Patricia Robinson MFT
Social Skills Groups: Is One Right for Your Child?
By: Patricia Robinson, MS, MA, MFT
Social skills groups and individual social counseling can do wonders for your child’s friendship skills and self esteem. A trained therapist or counselor can help kids figure out all sorts of subtle situations and expectations that may be occurring with classmates, siblings, on the playground, and with adults. They can help translate how the social hierarchy comes into play in the classroom. This type of therapy can help your child learn to be calmer in stressful situations, so his or her natural personality can shine. This article discusses when parents might want to consider finding a social skills therapist for their child.
1. Your child has been diagnosed with Asperger’s Syndrome, Autism, or Attention Deficit Hyperactivity Disorder:
Many parents first look for a group as a part of a more extensive treatment plan after their child has been diagnosed with Asperger’s Disorder, an Autistic Spectrum Disorder (ASD), or Attention Deficit Hyperactivity Disorder (Officially called ADHD or AD/HD, commonly also referred to as ADD). One of the key symptoms of all of these conditions is that there may be difficulty in managing social situations. It’s not uncommon for children with these disorders to have more interpersonal difficulties as they get older. The relationships get more complex, the unwritten rules are more abstract and there is less tolerance for anyone outside the norm. Keep this in mind, and be sure to do a periodic reevaluation of how your child is doing.
2. Your child has been diagnosed with another behavioral or emotional disorder:
Many other disorders can have a strong impact on social functioning, even when the social aspects are not one of the key features. For example, kids with Tourette’s or a Tic disorder may be troubled by anxiety, other children’s reactions and teasing. A child dealing with a mood disorder may also struggle with making friends. In these cases, social skills training can provide a safe environment for children to learn to have more satisfying relationships with others.
3. Your child is in the assessment process:
If you and/or your child’s teachers are concerned about your child’s emotional and mental functioning, a doctor should be consulted immediately. Generally, if doesn’t take long to see a general physician. Unfortunately, a more thorough assessment process can take six months or more to schedule and complete. Check with your doctor first, but often a counselor or therapist can start working with your child during this waiting and assessment period. This gives both your child and your family some support and can help ease a difficult situation. Social skills therapy is rarely going to interfere with an evaluation.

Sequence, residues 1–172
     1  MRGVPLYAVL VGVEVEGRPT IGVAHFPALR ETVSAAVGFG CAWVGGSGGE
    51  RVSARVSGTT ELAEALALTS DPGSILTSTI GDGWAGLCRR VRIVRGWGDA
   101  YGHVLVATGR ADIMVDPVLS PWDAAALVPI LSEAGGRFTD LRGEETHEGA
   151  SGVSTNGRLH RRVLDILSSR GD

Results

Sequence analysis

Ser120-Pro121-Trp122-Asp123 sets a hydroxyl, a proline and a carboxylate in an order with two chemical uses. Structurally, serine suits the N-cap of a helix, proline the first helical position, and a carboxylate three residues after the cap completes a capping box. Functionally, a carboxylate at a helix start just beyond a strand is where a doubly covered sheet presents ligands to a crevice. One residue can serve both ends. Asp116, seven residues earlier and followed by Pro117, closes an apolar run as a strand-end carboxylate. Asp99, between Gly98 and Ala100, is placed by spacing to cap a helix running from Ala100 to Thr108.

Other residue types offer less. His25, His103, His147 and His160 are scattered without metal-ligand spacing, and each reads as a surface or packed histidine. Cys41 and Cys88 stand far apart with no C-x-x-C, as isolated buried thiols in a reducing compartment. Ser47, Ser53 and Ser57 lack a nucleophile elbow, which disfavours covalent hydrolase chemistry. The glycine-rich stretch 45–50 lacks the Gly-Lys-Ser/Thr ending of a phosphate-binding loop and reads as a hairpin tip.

4. Your child is going through a tough time socially:
The school years can be brutal for some kids. Every year the social rules get more complicated, the kids can be meaner, and the teachers have less time to get involved. Some kids breeze right through the social issues of school, some have minor problem periods and for some it’s an ongoing battle.
If your child is struggling with making friends, is uncomfortably shy, seems unhappy or distressed about going to school, or is often excluded by the other kids, some type of social skills intervention can be very helpful. Both bullies and victims can be helped by these groups, especially if they get to be together in one group. Being in a social skills group doesn’t mean your child has a social skills disorder, just that some coaching in interpersonal skills can help.
If you’re worried, or especially if your child asks for help, look into finding a therapist. If the teacher or principal is concerned, you should pay attention, because they spend their days with kids and they can tell when something is beyond ordinary behavior. Depending on the school and district rules, school personnel may not be able to suggest treatments that aren’t available at the school, so teacher’s suggestions may be very subtly made. You need to pay close attention.
© Patricia Robinson, MS, MA, MFT
Patricia Robinson, MS, MA, MFT is a licensed Marriage and Family Therapist in private practice in California. She has offices in Danville and San Ramon, California and works with children, teenagers and adults with a focus on Asperger's Disorder, autism, ADD, ADHD and Pervasive Developmental Disorders. She has an MA in Counseling Psychology from Santa Clara University as well as Engineering degrees from MIT. Please visit her website at http://www.patriciarobinsonmft.com/ or blog for parents of kids with Asperger's, autism and ADD, ADHD: Around the /Autism Spectrum.
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- By Patricia Robinson, MS, MA, MFT
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Patricia Robinson, MFT (925) 915-0924
Offices in Danville and San Ramon, California
171 Front Street, Suite 203
Danville, CA 94526